Elysium is Pet Shop Boys most recent studio album, released in September this year. The album was a first for Pet Shop Boys because it was recorded in Los Angeles at the start of 2012 with producer Andrew Dawson, who’s production work typically is with hip-hop artists like Kanye West and the like. Initially, I was a little bit wary for the quality of the album because I was one of the biggest critics of the lead single Winner. I have to say though that Winner, along with Hold On are the only two real sore points of the album for me, the rest of the tracks range from the good to the gorgeous, in my opinion at least.
One big contributing factor to the album’s strong quality is undoubtedly the next to perfect production on the album from Andrew Dawson. Initially I was a little bit dubious because of his hip-hop background (only because I listen to it very rarely as a genre) but his production on the album is so beautiful. The album has this really beautiful and serene atmosphere which I think becomes even more prevalent once you listen to the second CD of instrumentals. In terms of melody, particularly strong tracks for me are Invisible and Leaving. Having said that, even Hold On and Winner still have lovely melodies, particularly the latter. I’m actually going to go out on a limb here: I think the choice of producer has been their most inspired since choosing to work with Harold Faltymer on Behaviour. It makes the second CD of instrumentals an absolute joy to listen to in their own right. It doesn’t feel like a tacked on bonus disc for the sake of it; the instrumentals are so strong in their own right I can see myself playing it just as often as I play the main album.
In terms of theme for the album, I guess it sort of invokes Behaviour in a way, but even then the two albums are so stylistically different that it dilutes any real comparisons you could make I guess. One prevalent theme on the album is death, but in no way does it make Elysium a heavy listen. I think a prime example of the way they’ve approached the death theme on the album is the finale track, Requiem in Denim and Leopardskin which they’ve described as a “eulogy set to disco music”. It sums the track up perfectly and its a classic example of Pet Shop Boys juxtaposition: the melody of that particular song is uplifting but the lyrics are a bit more somber in tone. Another theme on the album see’s them reevaluate their career which is only natural considering they celebrated their 30th anniversary last year. After all, the music industry has changed almost beyond recognition during their tenure.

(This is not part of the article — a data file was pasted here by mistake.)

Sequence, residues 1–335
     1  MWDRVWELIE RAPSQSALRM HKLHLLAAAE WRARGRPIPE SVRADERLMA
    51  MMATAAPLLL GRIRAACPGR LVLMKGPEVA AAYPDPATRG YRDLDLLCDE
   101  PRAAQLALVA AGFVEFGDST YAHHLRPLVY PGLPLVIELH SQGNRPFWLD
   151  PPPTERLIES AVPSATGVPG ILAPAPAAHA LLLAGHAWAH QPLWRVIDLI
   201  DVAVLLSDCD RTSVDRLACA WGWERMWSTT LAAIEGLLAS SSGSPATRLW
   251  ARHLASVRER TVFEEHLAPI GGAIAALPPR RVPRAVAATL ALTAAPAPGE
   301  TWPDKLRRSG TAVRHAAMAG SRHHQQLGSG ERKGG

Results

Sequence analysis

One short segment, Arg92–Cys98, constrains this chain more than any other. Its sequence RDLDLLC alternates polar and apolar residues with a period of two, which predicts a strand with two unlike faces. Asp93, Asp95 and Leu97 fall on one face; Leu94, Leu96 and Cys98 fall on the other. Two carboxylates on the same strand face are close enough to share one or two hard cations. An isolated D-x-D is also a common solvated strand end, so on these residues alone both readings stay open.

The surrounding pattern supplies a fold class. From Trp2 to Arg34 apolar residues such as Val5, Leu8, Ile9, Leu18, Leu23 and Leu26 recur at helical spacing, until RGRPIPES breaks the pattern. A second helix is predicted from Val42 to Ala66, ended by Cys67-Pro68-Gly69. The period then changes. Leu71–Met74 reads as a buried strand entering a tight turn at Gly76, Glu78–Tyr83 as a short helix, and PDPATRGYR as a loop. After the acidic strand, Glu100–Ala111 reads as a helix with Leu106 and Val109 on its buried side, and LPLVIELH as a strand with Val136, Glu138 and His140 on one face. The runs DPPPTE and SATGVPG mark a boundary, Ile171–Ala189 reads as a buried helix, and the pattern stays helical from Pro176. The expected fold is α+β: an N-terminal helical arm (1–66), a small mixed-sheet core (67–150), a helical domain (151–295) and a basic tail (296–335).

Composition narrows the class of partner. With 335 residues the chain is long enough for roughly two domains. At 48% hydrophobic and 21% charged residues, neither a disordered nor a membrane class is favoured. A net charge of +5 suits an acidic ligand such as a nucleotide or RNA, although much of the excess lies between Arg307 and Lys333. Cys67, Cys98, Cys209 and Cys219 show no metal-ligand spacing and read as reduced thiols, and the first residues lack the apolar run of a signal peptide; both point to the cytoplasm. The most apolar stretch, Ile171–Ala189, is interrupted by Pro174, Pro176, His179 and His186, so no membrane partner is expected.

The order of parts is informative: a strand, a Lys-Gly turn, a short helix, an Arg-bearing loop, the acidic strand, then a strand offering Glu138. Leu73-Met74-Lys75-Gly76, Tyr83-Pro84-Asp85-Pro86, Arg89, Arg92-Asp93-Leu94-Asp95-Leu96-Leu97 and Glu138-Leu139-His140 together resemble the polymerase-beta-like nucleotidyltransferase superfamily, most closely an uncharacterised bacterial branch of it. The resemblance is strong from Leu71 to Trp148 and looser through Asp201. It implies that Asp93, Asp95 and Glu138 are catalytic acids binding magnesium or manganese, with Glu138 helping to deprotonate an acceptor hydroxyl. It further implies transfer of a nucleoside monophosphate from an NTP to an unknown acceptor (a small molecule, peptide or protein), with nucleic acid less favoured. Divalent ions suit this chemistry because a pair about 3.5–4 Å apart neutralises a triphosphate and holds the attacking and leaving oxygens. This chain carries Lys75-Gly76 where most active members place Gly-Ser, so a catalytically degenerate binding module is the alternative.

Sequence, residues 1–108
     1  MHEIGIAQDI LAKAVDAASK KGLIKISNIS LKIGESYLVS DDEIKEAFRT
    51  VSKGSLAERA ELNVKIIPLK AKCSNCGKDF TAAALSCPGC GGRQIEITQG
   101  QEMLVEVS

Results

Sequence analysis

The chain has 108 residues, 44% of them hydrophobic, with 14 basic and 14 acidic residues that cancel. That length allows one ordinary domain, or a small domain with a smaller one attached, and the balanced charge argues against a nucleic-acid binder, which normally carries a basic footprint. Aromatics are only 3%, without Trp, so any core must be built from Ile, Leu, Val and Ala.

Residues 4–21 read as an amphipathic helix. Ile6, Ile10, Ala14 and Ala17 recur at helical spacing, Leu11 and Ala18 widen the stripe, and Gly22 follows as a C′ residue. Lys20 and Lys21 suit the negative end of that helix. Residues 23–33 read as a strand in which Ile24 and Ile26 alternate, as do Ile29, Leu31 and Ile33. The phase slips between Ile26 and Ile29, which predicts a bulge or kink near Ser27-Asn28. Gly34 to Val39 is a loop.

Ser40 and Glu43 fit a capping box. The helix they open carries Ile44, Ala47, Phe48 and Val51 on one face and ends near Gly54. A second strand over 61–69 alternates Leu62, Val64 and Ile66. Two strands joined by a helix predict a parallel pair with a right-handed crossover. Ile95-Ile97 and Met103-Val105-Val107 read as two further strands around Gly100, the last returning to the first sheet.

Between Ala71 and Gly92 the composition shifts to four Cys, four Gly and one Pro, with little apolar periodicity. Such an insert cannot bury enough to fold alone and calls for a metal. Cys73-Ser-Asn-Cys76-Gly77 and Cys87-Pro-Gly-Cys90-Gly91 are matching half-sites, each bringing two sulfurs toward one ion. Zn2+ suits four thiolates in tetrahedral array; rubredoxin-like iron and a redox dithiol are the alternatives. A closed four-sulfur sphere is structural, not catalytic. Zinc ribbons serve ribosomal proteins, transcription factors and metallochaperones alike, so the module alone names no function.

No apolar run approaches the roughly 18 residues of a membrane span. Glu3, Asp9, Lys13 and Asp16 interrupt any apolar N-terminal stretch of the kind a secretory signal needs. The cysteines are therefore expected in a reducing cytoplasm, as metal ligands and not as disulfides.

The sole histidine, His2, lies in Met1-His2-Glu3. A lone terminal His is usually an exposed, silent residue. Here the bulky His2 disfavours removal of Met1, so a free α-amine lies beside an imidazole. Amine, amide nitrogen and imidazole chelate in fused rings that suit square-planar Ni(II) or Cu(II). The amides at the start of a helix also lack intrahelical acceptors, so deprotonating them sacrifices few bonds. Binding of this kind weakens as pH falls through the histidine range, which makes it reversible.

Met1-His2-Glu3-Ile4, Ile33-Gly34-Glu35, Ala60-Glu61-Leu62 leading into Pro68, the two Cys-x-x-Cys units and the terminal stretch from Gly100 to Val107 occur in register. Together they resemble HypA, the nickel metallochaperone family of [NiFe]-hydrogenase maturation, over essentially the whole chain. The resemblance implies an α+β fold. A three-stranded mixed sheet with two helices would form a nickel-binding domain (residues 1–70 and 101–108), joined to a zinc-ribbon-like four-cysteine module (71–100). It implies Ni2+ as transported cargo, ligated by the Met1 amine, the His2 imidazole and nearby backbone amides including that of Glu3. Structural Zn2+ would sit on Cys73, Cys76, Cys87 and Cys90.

Another thing I really love about Elysium is that it’s one of their most varied albums I think they’ve ever done. Their albums always have a variety of styles on them, but Elysium just seems that bit more varied I think. Prior to the album’s release they said that it took inspiration from every album they have ever done more or less. I was a bit apprehensive about that initially as that has the potential to sound really messy: I mean how could a Very-era style track sit alongside a track that sounds like it could have been on Release? Amazingly, it works and you can definitely hear past elements of their work on the album. Breathing Space sounds like it could have been from Release, and Requiem in Denim and Leopardskin doesn’t sound a million miles away from something you’d get on Bilingual and there’s a few more instances like that for good measure. Most importantly though, the album never feels like a mere re-hash of past glories. It’s very typical of their sound in places but it always manages to be forward-thinking. And to their absolute credit, all these varied sounds come together to make a very cohesive album. Really, I don’t think many artists could cover such a variety of sounds on an album and not make it feel a bit dis-jointed, but its always been one of Pet Shop Boys major strengths for me. Elysium is just a particularly strong example of that I think!
|From the official video for Invisible|
All in all I think Elysium is a very strong album really. It more than demonstrates that they’ve yet to run out of ideas. They’ve executed a brilliant balance of mixing together more classic sounding Pet Shop Boys songs (like Leaving) with songs that are more unusual in style (Hold On; Everything Means Something for example). Those who are stuck in some kind of 1980’s time warp and expect them to simply churn out albums like Please and Actually for their whole careers will no doubt find much to criticize here as Elysium has an incredibly fresh and modern sound. For everyone else though, I think there’s enough variety on Elysium to ensure that hopefully most people will find at least one track they’ll enjoy. For me, I’ve been listening to the album on a regular basis since I bought it on release day. Where do I rank it against their other albums? Its too early to tell, but if in a year from now I’m still enjoying the album as much as I am at the moment then I think it’ll be closer to the top of my list rather than the bottom. If their performance at the Olympics Closing Ceremony this year was a sort of celebration that they’ve lasted thirty years in the business; then I think Elysium more than demonstrates why they’ve achieved that feat. It’s proof that after thirty years, Neil Tennant and Chris Lowe remain two of the most innovative and creative minds in pop music today.